Here, we describe a case of a pediatric patient of 10-years-old diagnosed with KD and coinfection by COVID-19 with permission from parents.
2. Case Presentation
The patient was a 10-year-old, previously healthy, fully immunized boy. He had normal stature; his weight was 32 kg (between the 25 and 50 percentile), and his height was 147 cm (between the 75 and 90 percentile). First, he had a low-grade fever (101.3 F) and was diagnosed with the common cold, which was treated by conservative measures, such as acetaminophen and oral fluid replacement. After two days of persistent fever, the patient presented to the pediatrician with cervical lymphadenopathy. Cervical lymphadenopathy was described as the enlargement of tender, painful, and reddish left anterior chain cervical lymph nodes in the second zone. He was referred to a general hospital for further evaluation.
The patient presented with a fever of 102.2 F with partial improvement with antipyretics, and tender, painful, reddish, and enlarged left lateral side of the neck. The patient also described the signs of restlessness, decreased appetite, and painful joints in previous days. He also complained of nausea and a few episodes of non-projectile, non-bloody vomiting, without any other gastrointestinal signs and symptoms. In history-taking and examination, he did not have any signs and symptoms of cough, rhinorrhea, congestion, otitis, or toothache. He was admitted with a possible diagnosis of lymphadenitis.
The patient was admitted to the pediatric ward and treated with 300 mg IV clindamycin antibiotic at six-hour intervals. The intravenous fluid replacement was conducted as 1,500 cc half-saline plus 15 cc of KCl 15% for 24 hours. Besides, 325 mg acetaminophen was administered every six hours to decrease fever and inflammation. Additional paraclinical studies and laboratory investigations were done, as well.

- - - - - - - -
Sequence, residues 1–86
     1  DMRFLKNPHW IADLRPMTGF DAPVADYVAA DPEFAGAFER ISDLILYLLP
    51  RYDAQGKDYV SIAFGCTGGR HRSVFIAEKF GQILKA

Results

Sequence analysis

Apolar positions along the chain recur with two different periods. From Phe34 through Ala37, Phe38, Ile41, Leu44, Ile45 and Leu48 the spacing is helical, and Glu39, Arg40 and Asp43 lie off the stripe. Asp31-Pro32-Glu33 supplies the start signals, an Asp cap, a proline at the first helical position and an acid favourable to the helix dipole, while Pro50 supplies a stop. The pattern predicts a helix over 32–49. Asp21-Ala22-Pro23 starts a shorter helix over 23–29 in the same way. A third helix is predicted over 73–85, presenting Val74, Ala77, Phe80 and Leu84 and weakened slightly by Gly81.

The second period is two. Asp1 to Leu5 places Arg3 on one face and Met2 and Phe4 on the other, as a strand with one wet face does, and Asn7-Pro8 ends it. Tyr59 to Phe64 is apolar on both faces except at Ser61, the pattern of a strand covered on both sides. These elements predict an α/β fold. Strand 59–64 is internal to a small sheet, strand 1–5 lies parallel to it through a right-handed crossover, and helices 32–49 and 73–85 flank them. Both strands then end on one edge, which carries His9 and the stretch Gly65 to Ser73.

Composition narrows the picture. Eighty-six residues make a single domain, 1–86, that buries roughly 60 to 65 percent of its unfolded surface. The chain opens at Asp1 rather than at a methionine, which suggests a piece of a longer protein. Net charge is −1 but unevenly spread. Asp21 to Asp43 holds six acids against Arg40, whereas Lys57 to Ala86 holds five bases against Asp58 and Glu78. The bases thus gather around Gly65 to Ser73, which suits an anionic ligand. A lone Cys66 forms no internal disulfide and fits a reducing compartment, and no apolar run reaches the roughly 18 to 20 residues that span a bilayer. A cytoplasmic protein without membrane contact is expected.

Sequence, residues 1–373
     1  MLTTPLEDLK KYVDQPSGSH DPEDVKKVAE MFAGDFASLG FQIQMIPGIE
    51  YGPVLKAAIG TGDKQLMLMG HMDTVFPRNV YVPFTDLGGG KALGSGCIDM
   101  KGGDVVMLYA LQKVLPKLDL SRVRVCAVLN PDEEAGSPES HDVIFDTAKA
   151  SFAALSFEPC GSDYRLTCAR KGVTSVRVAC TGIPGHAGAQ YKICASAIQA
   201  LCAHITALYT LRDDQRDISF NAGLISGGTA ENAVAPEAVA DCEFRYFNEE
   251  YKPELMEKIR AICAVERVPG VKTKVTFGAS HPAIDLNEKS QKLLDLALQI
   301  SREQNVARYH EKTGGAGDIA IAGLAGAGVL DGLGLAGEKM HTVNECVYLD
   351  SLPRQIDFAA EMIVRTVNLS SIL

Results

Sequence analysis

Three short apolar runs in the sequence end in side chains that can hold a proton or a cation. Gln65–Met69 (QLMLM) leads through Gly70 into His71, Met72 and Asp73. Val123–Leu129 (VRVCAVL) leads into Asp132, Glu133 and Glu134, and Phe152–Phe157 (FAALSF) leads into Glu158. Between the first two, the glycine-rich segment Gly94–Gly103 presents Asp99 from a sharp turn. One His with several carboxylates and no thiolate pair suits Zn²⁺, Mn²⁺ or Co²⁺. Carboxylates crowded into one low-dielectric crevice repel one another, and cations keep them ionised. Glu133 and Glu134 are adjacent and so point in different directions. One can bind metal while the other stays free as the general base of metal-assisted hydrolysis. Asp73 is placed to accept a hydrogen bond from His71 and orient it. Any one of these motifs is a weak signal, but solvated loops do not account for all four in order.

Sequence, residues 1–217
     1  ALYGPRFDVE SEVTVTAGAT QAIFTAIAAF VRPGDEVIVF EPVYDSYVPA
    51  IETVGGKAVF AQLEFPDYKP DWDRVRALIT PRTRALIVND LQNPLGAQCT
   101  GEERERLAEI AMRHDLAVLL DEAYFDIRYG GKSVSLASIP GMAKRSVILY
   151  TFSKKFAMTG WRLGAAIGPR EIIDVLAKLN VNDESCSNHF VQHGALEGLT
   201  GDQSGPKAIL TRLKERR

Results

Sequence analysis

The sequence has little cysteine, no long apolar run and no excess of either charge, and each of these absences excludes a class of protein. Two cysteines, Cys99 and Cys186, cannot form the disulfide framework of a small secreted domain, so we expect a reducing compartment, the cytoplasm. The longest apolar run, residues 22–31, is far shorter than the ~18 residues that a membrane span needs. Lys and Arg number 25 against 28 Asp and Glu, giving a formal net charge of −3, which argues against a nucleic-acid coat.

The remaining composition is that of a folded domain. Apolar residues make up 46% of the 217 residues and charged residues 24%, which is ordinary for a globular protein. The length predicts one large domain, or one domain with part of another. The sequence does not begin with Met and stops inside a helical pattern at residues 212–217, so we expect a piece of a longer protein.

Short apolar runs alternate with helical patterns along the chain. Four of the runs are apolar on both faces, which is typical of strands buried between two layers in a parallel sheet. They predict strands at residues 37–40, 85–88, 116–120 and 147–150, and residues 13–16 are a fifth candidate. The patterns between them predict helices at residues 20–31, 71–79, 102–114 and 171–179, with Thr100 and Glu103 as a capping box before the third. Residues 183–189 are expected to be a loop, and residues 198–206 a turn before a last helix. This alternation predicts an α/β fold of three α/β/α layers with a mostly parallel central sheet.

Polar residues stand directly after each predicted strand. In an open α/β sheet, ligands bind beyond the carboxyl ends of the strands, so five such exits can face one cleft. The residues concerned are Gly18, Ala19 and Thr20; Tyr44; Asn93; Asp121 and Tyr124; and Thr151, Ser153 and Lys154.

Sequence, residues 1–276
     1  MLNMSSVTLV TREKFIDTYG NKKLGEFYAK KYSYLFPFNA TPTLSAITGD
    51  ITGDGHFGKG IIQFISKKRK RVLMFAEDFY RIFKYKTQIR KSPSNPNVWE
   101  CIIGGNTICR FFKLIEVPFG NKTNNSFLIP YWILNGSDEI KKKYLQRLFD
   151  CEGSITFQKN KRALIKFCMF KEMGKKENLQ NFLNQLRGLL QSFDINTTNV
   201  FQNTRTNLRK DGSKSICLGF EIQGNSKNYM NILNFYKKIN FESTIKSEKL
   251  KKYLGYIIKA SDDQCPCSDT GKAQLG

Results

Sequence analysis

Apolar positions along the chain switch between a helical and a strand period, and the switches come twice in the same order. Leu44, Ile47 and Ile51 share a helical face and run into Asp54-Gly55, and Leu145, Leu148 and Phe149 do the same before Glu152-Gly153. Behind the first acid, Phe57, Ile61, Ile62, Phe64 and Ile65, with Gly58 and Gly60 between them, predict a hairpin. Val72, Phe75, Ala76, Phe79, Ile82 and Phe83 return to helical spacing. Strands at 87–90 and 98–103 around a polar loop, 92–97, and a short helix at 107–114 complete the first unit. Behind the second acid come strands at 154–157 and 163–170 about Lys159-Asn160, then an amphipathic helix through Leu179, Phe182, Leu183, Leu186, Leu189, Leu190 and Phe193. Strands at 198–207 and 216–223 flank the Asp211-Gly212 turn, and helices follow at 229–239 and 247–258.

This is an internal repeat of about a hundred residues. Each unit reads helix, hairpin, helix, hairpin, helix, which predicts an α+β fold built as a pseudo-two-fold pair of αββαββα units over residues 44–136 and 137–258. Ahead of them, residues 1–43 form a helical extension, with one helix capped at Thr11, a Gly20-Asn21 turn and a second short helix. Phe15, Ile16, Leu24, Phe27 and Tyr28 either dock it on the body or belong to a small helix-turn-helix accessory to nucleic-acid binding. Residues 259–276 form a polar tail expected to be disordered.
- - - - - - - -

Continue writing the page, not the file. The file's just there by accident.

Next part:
Ultrasonography of the abdomen and pelvis was intact, except for free fluid between intestinal loops. Soft tissue ultrasonography of the neck revealed multiple reactive lymph nodes in the left mandibular area of the neck; no evidence of abscess formation was seen in the study. Laboratory results showed the signs of inflammation with elevated ESR to 116 and three-plus-positive CRP. Mild to moderate leukocytosis with elevated white blood cells of 16.3 was detected with 82% neutrophils and 8% lymphocytes differentiation (Figure 1).
On the third day of hospitalization (the fifth day of sickness), the fever was persisting, and the signs of bilateral non-purulent conjunctivitis were noted (Figure 2). A cardiovascular consult was committed to rule out possible atypical KD coronary complications. Later that night, the PCR test results for COVID-19 virus RNA came back positive, and the patient was transferred to another hospital to be isolated for the same reason. Before beginning standard therapy for COVID-19, baseline ECG was conducted to examine specifically for QT intervals and a PPD test for possible TB infection, which was negative. The patient was on oral hydroxychloroquine 160 mg every 12 hours for the first day and 80 mg every 12 hours for the rest.